Climos, a San Francisco-based company that hopes to reduce carbon dioxide by fertilizing the ocean, said Wednesday it is raising $10 million to $12 million in a second round of financing.

So far, about half of the funding has been committed, said Dan Whaley, founder and CEO of Climos, at the Dow Jones Environmental Ventures conference in San Mateo, Calif.

Whaley said he expects to close the round by the end of the year.

About two months ago, the company announced it had raised $3.5 million in its first round of funding (see Funding Roundup: Tesla, Ausra, Pythagoras and More). A conference pamphlet noted that Climos is aiming to raise between $8 million and $10 million, but during his presentation Wednesday, Whaley said it is seeking more. The company previously said it would raise up to $14 million, according to Earth2Tech.

Climos plans to fertilize the ocean with iron to grow more plankton that would, in turn, absorb more carbon dioxide.

But finding a way to profit from plankton can be tough. Foster City, Calif.-based Planktos was forced to pull planned field tests earlier this month due to a lack of funds, according to the New York Times.

Climos' business plan, at least initially, is to sell carbon credits to large companies, Whaley said.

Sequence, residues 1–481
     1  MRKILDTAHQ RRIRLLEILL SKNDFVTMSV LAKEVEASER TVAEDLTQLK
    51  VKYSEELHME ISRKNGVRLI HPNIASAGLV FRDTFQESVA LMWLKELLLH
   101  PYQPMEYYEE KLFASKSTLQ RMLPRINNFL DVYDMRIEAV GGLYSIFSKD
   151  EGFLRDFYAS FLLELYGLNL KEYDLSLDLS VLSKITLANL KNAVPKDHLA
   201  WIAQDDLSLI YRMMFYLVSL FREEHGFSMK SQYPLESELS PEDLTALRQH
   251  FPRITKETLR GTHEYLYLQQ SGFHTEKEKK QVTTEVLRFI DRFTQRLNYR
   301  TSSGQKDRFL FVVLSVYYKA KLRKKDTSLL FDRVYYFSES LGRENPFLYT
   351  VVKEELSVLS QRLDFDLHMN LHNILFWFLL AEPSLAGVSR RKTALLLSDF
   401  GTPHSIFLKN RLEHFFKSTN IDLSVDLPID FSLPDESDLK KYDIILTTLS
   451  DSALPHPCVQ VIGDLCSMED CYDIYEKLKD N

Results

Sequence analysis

But first, the company has to prove the effectiveness of its approach. And that’s where the cash comes in. The company plans to spend the money on its first project, somewhere in the middle of the ocean.

To do this, Climos will need to get a permit from a signatory nation of the London Convention, which aims to control and prevent marine pollution.

Getting the permit might not be an easy process. Environmentalists – along with some marine and climate scientists – have opposed such plans in the past, citing unevaluated risks, according to The New York Times. Aside from funding troubles, Planktos blamed its shutdown on a “highly effective disinformation campaign waged by anti-offset crusaders.”

If Climos gets a permit, it plans to pour iron over a swath of ocean 100 or 200 kilometers long, Whaley said. The company didn’t say exactly where it would target its fertilization.

Previous Climos tests have shown the company's technology can sequester between 25 and 30 tons of carbon dioxide per square kilometer of ocean surface, according to Whaley.